Along the same vein as yesterday's tip, create a writing ritual to focus your attention to your novel. It could be as simple as making a cup of tea and listening to your novel's theme song. Or you could light your favorite scented candle and re-read what you wrote yesterday. You could stretch, do some yoga, or meditate. You could employ a writing totem, like a hat or sweater that you only wear when you're writing. Do something before you write, and do it every day. By connecting a ritual to writing, performing it is a subconscious cue that it's time to focus and get to work.
Saturday, November 14, 2015
Friday, November 13, 2015
My husband suffers from insomnia, and he's found that limiting the bedroom to sleeping helps him shift into the right frame of mind when he gets into bed. Do the same with your writing space: limit it to writing. Walk in, write, and leave. Eventually, the environment itself will act as a trigger that blocks out distractions and puts you into a creative mindset. If you write on a desktop computer and can't designate it solely for writing, at least try not to use it for idle interests like social media or gaming throughout November, so you'll be less likely to jump over to Twitter or Minecraft the minute you lose focus. You could also get out of your house—and away from all of its distractions—and use the library or a coffee shop as your designated writing area.
Thursday, November 12, 2015
Do something mundane, routine, or monotonous before you write, like washing your dishes, working out, or walking your dog. By involving your senses in low levels of awareness, you leave your mind free to concentrate on more important things... like your novel.
Wednesday, November 11, 2015
If your story is boring you, give it a crazy twist, even if it doesn't fit into your plot. Erin Morgenstern's The Night Circus—one of the greatest Nanowrimo success stories—was born when she sent the characters of a different novel to the circus out of boredom. You never know what your tangents might inspire, so don't be afraid to stray off course and write something silly and fun.
Tuesday, November 10, 2015
Don't be afraid to write scenes out of order. If you're stuck on one, skip to another. If wading through the swamp of the first half of act two makes you yawn with boredom, jump right to the action. If you can't wait to write that scene you've been thinking about for ages, don't wait! There's no rule that says you have to write in a straight line. Writing is more like a big ball of wibbly-wobbly, timey-wimey stuff.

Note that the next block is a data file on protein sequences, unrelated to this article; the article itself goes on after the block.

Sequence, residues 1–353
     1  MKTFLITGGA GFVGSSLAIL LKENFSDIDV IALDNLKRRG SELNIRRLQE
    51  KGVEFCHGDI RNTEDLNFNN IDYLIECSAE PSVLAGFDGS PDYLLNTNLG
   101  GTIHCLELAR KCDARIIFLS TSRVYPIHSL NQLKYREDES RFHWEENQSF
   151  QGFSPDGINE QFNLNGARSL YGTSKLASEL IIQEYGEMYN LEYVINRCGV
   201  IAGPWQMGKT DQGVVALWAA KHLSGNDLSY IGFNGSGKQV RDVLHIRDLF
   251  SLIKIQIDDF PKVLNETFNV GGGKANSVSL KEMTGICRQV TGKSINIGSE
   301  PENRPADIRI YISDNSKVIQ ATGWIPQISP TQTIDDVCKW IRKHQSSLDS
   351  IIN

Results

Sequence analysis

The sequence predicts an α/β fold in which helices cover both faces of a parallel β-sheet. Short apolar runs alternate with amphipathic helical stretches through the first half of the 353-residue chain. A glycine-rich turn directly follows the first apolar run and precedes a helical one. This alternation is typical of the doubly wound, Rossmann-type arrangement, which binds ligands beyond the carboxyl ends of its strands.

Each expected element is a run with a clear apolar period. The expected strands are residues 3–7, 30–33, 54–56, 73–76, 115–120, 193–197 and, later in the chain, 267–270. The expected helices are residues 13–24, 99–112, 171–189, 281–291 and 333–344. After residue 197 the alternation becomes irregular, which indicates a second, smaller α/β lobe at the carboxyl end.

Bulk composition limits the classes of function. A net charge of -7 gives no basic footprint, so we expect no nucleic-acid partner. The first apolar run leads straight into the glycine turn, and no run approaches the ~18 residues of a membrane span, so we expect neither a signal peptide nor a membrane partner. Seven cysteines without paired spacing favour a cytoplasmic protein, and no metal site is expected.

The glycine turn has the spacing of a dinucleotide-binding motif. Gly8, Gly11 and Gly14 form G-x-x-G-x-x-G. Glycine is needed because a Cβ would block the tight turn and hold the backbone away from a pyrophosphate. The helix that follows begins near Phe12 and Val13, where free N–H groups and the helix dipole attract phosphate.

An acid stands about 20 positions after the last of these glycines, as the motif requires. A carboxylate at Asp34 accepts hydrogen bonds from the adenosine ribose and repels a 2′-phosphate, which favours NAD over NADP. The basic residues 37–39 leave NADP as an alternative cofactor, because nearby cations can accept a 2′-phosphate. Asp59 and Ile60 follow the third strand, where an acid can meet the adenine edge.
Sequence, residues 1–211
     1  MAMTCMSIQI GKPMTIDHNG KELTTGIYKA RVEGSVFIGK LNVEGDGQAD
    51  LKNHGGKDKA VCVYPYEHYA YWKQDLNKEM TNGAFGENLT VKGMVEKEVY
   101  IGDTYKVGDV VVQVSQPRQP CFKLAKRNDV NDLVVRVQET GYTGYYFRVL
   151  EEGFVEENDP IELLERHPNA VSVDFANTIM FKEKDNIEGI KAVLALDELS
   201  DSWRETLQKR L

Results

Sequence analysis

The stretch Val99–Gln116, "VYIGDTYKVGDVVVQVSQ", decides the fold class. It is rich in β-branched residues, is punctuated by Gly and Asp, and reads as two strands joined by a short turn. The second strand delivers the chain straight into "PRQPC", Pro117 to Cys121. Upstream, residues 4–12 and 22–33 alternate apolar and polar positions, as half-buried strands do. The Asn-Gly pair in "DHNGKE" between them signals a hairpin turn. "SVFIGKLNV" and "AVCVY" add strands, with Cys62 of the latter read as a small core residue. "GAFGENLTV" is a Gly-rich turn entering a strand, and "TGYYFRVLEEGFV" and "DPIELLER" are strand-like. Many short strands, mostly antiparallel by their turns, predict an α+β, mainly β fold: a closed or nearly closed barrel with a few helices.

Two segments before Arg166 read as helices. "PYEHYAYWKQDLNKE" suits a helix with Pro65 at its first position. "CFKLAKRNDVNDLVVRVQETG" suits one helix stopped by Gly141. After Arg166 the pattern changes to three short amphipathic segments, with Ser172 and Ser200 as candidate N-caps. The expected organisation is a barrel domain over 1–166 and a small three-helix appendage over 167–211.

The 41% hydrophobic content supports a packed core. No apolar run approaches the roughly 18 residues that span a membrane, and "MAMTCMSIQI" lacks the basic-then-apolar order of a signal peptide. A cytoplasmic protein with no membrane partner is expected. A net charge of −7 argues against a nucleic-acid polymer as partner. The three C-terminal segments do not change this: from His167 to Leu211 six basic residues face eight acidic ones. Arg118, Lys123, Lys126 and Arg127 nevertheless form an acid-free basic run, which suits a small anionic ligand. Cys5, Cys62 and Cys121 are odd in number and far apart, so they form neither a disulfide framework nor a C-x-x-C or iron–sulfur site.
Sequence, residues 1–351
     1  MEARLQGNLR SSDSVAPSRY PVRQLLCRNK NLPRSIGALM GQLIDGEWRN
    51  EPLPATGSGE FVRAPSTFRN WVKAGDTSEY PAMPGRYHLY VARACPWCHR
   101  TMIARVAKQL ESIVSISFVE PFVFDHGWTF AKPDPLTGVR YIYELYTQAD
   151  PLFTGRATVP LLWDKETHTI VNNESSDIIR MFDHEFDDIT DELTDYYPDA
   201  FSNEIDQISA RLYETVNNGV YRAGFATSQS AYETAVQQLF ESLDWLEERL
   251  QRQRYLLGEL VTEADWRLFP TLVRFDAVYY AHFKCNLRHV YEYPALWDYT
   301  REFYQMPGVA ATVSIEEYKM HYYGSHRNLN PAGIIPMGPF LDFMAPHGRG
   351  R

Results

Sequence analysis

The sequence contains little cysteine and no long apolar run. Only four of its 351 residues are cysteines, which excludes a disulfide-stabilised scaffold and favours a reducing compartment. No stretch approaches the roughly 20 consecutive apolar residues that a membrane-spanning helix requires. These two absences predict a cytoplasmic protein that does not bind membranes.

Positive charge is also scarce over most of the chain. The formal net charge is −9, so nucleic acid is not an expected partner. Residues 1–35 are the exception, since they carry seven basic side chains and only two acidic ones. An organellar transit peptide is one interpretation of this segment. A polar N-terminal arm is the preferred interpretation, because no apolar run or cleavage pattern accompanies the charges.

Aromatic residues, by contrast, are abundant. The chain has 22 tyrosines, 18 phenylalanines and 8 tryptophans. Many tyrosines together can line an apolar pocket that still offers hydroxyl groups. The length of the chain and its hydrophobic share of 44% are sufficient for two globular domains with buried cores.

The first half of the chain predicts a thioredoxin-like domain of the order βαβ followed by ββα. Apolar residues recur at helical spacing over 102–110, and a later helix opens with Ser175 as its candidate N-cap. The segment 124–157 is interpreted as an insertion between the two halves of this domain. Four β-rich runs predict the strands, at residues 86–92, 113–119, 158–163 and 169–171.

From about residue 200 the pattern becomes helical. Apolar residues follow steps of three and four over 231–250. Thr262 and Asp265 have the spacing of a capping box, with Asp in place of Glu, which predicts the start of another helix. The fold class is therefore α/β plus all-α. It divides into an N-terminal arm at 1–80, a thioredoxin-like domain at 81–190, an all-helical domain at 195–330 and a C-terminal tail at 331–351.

Monday, November 09, 2015
If you miss a day of writing, don't stress out about writing twice as much the following day; spread your deficit out over the rest of the month, or at least a few days. If you're a full day behind by November 10, you'll only need to write an additional 80 words per day for the next three weeks, or you could write an extra 240 words per day for the next week alone. Of course, the further behind you get and the later it is in the month, the more you'll have to make up per day... but catching up is still more manageable, and less scary, if you're writing an extra 1,000 words per day versus an extra 6,000 words in one day.
Sunday, November 08, 2015
Every now and then, you'll write a line or a paragraph that makes you stop and think, "Damn. That's good." Highlight these passages. Whenever you start to criticize yourself or doubt that you can write anything worth reading, go back and read those gems. They'll remind you that you are a good writer and you can do this!
Saturday, November 07, 2015
Friday, November 06, 2015
Reward yourself for reaching goals both big and small. Put a treat beside your computer that you can only eat after writing 500 words. When you reach 1,000 words, take a break and relax with some funny YouTube videos. When you hit a major milestone, like 10,000 words, celebrate by doing something you've had to give up for Nanowrimo, like watching an episode of your favorite show or going out with friends. Put some money aside throughout the month so you can buy yourself something special when you cross the finish line, like that new book you'll be able to read once you finally have the time. Positive reinforcement and the promise of a reward are great motivators!
Thursday, November 05, 2015
Today was rough, though I couldn't tell you why. I'm staying ahead of the game—I've got another 300 words to go, but I'll be finishing the night at 10,000—but I'm falling behind on my own goal of reaching 25,000 words by November 10. Remember how I said I could swing 3,000 words on very, very, very good days? Well, cross your fingers for me, because I could really use those very, very, very good days right about now.